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If I enter Thailand one week with my Irish passport and a few weeks later with my British one, will immigration know I am the same person?

My issue is that on a recent scuba trip there I entered on my Irish passport. Whilst there I lost it and when I went to police to report it - it had already been handed in. Unfortunately they had already informed immigration to bar the passport for travel. As I had urgent need to travel back for work they gave me a court letter that explained to immigration the situation and that I was in fact allowed to travel. However it took almost an hour at the airport - as no officer had a clue what to do - before I could leave and missed my original flight.

So, as I need to return in a week's time for work, can I avoid all the hassle at the airport and enter with my UK passport - or will they know it's the same person? Regarding the Irish passport I've been advised to get a new one - but that will take 4 weeks as I'm resident abroad.

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    Why would it be a problem to return even if they do realize it's the same person? – jpatokal Mar 17 '15 at 4:46
  • jpatokal, because my irish passport is barred. Entering using it will take an hour at immigration as they are clueless "computer say no" but court letter says yes. I assume if i enter with my UK one and they know its the same person "computer will say no". – mark Mar 18 '15 at 7:14
  • I think you are over-estimating the IT capability of the immigration services. I would be surprised if they had any way to tie your two passports together. Still, it may be advisable to carry your Irish document and the appropriate letter with you. – Calchas Jul 8 '15 at 18:04
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It is hard to know what sort of cross checking the Thai Immigration computers do when your passport is scanned. My guess is that they only look to see if your passport has entered Thailand in recent years/months and they look to see if you are on any criminal watch lists. But that is just a guess.

If your UK passport number was recorded when you reported the Irish passport being lost, then perhaps they will tie the two together. This should not be an issue though, as your police report will show what happened and you have your official letter.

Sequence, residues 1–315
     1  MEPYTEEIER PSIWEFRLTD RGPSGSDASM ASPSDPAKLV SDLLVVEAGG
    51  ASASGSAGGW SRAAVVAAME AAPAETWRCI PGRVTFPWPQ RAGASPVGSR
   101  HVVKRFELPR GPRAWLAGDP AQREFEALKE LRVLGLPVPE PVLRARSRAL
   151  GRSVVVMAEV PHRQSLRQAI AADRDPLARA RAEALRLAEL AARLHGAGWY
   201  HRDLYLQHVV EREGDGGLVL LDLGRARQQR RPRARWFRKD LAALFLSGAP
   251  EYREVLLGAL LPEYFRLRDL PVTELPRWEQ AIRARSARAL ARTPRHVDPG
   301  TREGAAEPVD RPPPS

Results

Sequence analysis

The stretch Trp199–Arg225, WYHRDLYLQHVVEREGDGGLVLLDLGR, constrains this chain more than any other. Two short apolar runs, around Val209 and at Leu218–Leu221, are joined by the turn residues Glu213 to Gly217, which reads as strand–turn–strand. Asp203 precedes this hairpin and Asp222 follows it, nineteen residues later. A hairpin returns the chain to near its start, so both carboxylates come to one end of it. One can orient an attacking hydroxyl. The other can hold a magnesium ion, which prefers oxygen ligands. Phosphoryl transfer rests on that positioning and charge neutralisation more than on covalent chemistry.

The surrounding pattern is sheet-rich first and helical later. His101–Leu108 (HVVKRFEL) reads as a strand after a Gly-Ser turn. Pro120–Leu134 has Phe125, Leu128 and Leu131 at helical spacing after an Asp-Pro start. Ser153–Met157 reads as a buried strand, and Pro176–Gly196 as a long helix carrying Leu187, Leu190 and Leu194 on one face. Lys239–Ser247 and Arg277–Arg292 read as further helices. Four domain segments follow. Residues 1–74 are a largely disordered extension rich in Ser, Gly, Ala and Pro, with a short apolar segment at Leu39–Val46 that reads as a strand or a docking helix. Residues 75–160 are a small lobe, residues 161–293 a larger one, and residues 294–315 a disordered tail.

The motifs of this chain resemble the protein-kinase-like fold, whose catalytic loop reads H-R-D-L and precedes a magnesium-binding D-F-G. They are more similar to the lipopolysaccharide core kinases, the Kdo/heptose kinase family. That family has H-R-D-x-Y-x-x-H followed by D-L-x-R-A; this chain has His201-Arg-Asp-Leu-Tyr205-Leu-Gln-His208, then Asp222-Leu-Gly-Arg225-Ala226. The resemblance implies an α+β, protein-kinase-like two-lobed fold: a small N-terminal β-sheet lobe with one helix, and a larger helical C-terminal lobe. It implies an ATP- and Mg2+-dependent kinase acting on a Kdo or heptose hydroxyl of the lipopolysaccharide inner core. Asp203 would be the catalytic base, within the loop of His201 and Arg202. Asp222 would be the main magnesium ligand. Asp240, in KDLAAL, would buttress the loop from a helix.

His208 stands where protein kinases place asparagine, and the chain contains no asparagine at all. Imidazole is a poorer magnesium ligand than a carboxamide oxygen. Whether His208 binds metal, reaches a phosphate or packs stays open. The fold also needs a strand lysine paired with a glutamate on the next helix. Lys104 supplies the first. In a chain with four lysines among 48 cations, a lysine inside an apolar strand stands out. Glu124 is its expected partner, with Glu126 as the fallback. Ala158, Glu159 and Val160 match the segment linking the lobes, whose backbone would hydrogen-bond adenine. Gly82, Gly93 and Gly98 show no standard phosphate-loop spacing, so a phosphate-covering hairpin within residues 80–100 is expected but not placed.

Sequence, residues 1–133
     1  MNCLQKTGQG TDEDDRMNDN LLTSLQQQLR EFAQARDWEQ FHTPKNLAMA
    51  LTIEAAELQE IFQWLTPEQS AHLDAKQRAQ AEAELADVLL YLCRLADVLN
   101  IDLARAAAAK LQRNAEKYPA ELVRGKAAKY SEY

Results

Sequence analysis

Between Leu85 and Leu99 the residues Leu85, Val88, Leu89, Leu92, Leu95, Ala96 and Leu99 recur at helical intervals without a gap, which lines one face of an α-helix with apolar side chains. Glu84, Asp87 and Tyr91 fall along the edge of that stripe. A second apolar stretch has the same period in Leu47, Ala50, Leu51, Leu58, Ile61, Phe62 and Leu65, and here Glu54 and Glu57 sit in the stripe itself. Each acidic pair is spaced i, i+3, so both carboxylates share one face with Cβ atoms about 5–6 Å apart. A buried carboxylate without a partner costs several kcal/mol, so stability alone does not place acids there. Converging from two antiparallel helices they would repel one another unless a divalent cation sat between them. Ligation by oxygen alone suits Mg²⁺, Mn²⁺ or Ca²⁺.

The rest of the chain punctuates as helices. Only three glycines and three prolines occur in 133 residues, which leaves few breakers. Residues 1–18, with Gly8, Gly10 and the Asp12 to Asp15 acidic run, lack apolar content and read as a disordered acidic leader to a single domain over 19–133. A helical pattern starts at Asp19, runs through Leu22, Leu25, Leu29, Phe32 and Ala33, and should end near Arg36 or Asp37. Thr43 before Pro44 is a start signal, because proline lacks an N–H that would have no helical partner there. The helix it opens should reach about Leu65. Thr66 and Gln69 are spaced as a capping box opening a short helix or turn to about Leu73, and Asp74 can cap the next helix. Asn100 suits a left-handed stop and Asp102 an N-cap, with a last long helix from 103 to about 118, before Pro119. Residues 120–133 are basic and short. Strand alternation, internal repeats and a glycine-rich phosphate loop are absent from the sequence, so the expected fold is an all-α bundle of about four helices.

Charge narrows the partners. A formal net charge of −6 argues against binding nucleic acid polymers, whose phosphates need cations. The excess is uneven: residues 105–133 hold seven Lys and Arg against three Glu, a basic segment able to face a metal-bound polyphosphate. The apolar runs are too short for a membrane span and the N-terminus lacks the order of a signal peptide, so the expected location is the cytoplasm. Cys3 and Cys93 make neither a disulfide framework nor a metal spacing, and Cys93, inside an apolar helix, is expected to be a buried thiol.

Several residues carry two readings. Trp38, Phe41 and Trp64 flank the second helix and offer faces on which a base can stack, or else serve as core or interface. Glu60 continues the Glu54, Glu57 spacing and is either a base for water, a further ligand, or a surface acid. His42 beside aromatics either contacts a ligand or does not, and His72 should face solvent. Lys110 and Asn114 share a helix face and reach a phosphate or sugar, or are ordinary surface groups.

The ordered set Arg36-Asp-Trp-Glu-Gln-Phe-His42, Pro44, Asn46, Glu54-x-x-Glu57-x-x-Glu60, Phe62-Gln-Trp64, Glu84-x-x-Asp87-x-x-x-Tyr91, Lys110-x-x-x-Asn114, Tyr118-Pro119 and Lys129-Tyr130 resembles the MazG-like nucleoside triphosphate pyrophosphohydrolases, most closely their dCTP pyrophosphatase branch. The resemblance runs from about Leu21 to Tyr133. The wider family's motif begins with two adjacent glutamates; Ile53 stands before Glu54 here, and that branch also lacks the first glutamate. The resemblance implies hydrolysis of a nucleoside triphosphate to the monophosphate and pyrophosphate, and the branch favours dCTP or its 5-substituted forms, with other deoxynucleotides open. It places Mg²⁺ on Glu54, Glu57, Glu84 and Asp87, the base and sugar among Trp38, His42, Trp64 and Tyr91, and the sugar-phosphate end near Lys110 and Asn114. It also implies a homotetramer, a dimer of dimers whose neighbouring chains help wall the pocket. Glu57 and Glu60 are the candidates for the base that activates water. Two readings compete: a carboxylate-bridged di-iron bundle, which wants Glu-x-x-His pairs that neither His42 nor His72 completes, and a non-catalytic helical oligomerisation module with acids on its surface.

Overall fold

There is no rule that prohibits using different passports when entering. The only issue that may concern them will be if you are using two passports to stay in Thailand for extended periods using visa waiver entries. But as your Irish passport has only a week stay recorded and I assume your UK passport has none, then this won't be a problem.

  • Tom, no i didnt give them any details of my UK passport when i reported my missing irish one. I'm basically trying to avoid the one hour + of hassle i had leaving last time. My irish passport is basically junk now as the police scribbled all over it and stabled something to the front when it was handed in. My worry using my british one to enter is that it is linked on the computer somehow to my irish one (which is techinically barred) and then i'll have even more hassle at immigration. My hope is that they are not linked and i can go through as normal. – mark Mar 18 '15 at 7:08
  • I can't think of any way the passports would be tied together otherwise, unless either the UK or Ireland asked you for that data when you applied. My daughter holds dual citizenship and in applying for her two passports, there was never any mention or query about any other nationalities she may hold (even though the potential was pretty obvious). – user13044 Mar 18 '15 at 14:05

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